Kalpana Kalpana (Editor)


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Pronunciation  /dɪs.haɪˈdroʊ.sᵻs/
ICD-10  L30.1
DiseasesDB  10373
Specialty  Dermatology
ICD-9-CM  705.81
Synonyms  acute vesiculobullous hand eczema, dyshidrotic dermatitis, cheiropompholyx, dyshidrotic eczema, pompholyx, podopompholyx

Dyshidrosis, is a type of dermatitis, that is characterized by itchy blisters on the palms of the hands and bottoms of the feet. The blister are generally one to two millimeters in size and heal over three weeks. Redness is not usually present. They; however, often recur. Repeated attacks may result in fissures and skin thickening.


The cause is unknown. Trigger may include allergens, physical or mental stress, frequent hand washing, or metals. Diagnosis is typically based on what it looks like and the symptoms. Allergy testing and culture may be done to rule out other problems. Other conditions that produce similar symptoms include pustular psoriasis and scabies.

Avoiding triggers may be useful as may a barrier cream. Treatment is generally with steroid cream. High strength steroid creams may be required for the first week or two. Antihistamines may be used to help with the itch. If this is not effective steroid pills, tacrolimus, or psoralen plus ultraviolet A (PUVA) may be tried.

About 1 in 2,000 people are affected in Sweden. Males and females appear to be affected equally. The first description was in 1873. The name comes from the word "dyshidrotic," meaning "difficult sweating," as problems with sweating was once believed to be the cause.

Signs and symptoms

Small blisters with the following characteristics:

  • Blisters are very small (3 mm or less in diameter). They appear on the tips and sides of the fingers, toes, palms, and soles.
  • Blisters are opaque and deep-seated; they are either flush with the skin or slightly elevated and do not break easily. Eventually, small blisters come together and form large blisters.
  • Blisters may itch, cause pain, or produce no symptoms at all. They worsen after contact with soap, water, or irritating substances.
  • Scratching blisters breaks them, releasing the fluid inside, causing the skin to crust and eventually crack. This cracking is painful as well as unsightly and often takes weeks, or even months to heal. The skin is dry and scaly during this period.
  • Fluid from the blisters is serum that accumulates between the irritated skin cells. It is not sweat as was previously thought.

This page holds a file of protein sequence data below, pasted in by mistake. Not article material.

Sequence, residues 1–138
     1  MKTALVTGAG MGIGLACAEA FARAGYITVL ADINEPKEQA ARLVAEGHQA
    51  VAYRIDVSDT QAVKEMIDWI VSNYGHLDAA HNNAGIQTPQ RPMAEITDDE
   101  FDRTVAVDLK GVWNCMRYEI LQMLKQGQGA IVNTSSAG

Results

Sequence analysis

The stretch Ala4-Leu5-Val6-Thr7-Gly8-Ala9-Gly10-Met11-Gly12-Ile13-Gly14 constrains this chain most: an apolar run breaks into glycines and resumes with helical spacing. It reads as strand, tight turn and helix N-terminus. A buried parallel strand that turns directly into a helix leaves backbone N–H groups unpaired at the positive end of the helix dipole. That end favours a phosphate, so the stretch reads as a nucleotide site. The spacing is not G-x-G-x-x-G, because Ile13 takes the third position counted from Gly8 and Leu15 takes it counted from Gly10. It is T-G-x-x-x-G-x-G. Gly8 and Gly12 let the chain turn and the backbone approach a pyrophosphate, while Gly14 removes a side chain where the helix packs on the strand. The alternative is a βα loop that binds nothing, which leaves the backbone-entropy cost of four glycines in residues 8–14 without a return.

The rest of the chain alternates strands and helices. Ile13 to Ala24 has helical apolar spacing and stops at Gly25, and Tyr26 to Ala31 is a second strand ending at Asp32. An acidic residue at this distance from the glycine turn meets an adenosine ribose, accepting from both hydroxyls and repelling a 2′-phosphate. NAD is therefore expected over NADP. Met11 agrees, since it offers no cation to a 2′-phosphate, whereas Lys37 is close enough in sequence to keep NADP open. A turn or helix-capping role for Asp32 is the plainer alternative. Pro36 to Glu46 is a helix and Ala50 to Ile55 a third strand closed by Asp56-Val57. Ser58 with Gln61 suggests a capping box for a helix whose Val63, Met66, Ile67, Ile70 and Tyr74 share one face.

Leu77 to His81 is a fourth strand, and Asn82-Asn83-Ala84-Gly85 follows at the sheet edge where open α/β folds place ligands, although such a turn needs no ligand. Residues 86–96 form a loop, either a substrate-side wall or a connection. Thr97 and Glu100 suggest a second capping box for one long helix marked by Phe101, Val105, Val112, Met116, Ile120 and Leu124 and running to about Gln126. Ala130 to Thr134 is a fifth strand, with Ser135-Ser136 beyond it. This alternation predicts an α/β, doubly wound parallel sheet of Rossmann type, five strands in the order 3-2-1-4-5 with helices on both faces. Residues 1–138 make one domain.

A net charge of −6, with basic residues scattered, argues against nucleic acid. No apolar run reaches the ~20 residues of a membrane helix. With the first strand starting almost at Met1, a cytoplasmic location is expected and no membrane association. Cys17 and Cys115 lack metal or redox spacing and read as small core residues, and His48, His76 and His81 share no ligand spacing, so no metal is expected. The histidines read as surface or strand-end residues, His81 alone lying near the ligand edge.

• In some cases, as the blistering takes place in the palms or finger, lymph node swelling may accompany the outbreak. This is characterised by tingling feeling in the forearm and bumps present in the arm pits.
  • Nails on affected fingers, or toes, may take on a pitted appearance.
  • Causes

    The exact causes of dyshidrosis are unknown. In 2013, a randomized, double-blind, placebo-controlled cross-over study by the University Medical Center Groningen reported that dyshydrosis outbreaks on the hands increased significantly among those allergic to house dust mites, following inhalation of house dust mite allergen.

    Food allergens may be involved in certain cases. Cases studies have implicated a wide range of foods including tuna, tomato, pineapple, chocolate, coffee, and spices among others. A number of studies have implicated balsam of Peru.


    There are many treatments available for dyshidrosis. However, few of them have been developed or tested specifically on the condition.

  • Topical steroids - while useful, can be dangerous long-term due to the skin-thinning side-effects, which are particularly troublesome in the context of hand dyshidrosis, due to the amount of toxins and bacteria the hands typically come in contact with.
  • Potassium permanganate dilute solution soaks - also popular, and used to 'dry out' the vesicles, and kill off superficial Staphylococcus aureus, but it can also be very painful. Undiluted it may cause significant burning.
  • Dapsone (diamino-diphenyl sulfone), an antibacterial, has been recommended for the treatment of dyshidrosis in some chronic cases.
  • Antihistamines: Fexofenadine up to 180 mg per day.
  • Alitretinoin (9-cis-retinoic acid) has been approved for prescription in the UK. It is specifically used for chronic hand and foot eczema. It is made by Basilea of Switzerland (BAL 4079).
  • References

    Dyshidrosis Wikipedia

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